Australian studio Organic Humans has shared with IndieGames gameplay for its single player, Oculus Rift-compatible, survival horror adventure Montas. Wearing the 3D head set will intensify the experience, since Montas will focus heavily on immersion, atmosphere, story and interactivity.
At its core, Montas draws reference for its mechanics from old school adventure games, but it is also inspired by titles such as Half Life 2, Penumbra, and Amnesia. Players can expect to use mechanics such as exploration, navigation, environment interaction, puzzle solving, platforming and using items with other items.
While there is no combat in Montas, developer Garth Robertson tells us that players will find themselves in a lot of hairy situations that may require them to run, hide or use the environment to escape danger. Thankfully, there also will be no quick time events to replace combat. Robertson describes, “During an encounter that’s going badly, you will be given multiple chances to escape or foil your attacker before the killing blow is made, and will be different for each attacker. Some attackers for example will just lose interest or get distracted if you don’t provoke them.”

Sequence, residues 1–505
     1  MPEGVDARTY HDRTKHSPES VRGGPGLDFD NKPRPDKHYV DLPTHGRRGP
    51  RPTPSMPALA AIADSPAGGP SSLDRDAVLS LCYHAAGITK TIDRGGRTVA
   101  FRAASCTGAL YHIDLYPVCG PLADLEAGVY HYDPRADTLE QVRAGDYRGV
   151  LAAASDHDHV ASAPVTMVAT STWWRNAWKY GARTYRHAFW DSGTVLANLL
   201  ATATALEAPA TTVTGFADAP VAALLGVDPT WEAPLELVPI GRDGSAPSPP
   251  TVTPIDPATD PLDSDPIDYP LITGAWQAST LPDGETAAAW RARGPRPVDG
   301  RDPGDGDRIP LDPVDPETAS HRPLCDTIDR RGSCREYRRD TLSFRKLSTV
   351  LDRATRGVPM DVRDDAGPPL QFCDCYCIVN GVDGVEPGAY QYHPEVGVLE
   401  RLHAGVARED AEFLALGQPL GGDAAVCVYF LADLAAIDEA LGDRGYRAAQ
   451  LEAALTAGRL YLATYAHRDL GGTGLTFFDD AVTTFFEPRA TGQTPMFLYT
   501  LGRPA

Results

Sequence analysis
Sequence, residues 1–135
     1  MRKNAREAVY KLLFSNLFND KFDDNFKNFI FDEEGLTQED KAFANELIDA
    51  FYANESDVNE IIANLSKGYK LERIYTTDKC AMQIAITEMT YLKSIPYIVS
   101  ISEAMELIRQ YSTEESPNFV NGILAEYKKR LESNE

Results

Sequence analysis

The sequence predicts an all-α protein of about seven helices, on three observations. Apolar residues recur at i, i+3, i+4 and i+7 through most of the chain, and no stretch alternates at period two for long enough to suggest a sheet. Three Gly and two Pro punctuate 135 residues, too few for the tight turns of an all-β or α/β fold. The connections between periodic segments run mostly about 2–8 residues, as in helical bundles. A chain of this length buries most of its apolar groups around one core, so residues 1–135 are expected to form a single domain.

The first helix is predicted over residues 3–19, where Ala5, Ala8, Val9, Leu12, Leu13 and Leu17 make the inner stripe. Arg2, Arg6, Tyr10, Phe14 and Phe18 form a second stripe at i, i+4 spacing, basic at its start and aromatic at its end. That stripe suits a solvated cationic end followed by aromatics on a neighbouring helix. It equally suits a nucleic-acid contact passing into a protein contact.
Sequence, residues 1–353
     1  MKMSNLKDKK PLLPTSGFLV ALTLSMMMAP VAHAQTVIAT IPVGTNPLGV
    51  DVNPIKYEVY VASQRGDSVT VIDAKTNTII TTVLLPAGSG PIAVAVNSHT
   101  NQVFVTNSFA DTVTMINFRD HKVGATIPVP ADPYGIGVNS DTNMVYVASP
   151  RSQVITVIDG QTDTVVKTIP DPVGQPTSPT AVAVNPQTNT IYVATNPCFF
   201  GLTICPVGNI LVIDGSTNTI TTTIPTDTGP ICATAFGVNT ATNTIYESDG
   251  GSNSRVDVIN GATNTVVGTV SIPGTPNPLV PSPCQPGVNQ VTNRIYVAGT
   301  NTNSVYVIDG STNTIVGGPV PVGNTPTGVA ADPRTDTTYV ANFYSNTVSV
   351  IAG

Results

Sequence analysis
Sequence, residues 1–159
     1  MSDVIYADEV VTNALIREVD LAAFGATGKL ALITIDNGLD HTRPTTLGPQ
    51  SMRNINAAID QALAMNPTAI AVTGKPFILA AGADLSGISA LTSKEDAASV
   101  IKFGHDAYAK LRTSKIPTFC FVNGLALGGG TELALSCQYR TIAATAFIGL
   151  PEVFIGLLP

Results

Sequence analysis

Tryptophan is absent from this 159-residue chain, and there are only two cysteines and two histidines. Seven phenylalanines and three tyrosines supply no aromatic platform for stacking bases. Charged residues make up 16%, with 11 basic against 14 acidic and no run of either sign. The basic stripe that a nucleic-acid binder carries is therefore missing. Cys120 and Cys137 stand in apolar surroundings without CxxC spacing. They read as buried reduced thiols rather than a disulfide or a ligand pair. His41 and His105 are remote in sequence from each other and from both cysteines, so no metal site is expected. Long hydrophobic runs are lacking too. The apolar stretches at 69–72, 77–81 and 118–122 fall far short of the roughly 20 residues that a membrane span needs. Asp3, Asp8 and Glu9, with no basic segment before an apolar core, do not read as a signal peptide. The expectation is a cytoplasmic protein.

There will be no HUD or user interface; players will use visual and audio cues such as blood and sounds of pain to know their status. Montas will also feature a regeneration system to avoid using health potions. Robertson says, “The aim of this is to increase immersion, simulating what it might be like to get injured in real life. You wouldn’t really know how close to death you were and might not even notice you cut yourself on a bit of glass immediately, but step out onto the highway in front of a speeding car and you will definitely know.”
Indeed, even the environment can trigger a dangerous situation. “If you’ve seen any of the Final Destination movies you know what I’m talking about,” teases Robertson. “To accompany this high degree of vulnerability, the game will feature a persistent death system, which doesn’t force the player to repeat sections of the game due to failure, but changes the direction of the story.”
The game will feature many differnent enviroments, including underground labyrinths and optional exploration areas. Montas isn’t a sandbox game, although it incorporates elements of Sandbox exploration like Silent Hill 2.
Robertson says Montas should release sometime in 2013 for Windows and Mac. A Kickstarter campaign will go live this year, and it is already on Steam Greenlight. The price for Montas will be no more than $10 and roughly the length of an episode for Half Life 2.
So, what’s the deal with the Welcome To The Opera website? Robertson says, “Montas casts the player into a dark and mysterious world with little introduction and takes you on a ride full of intrigue and drama. The player is the audience, Montas is the play, and you are invited up on stage. Welcome to the Opera.”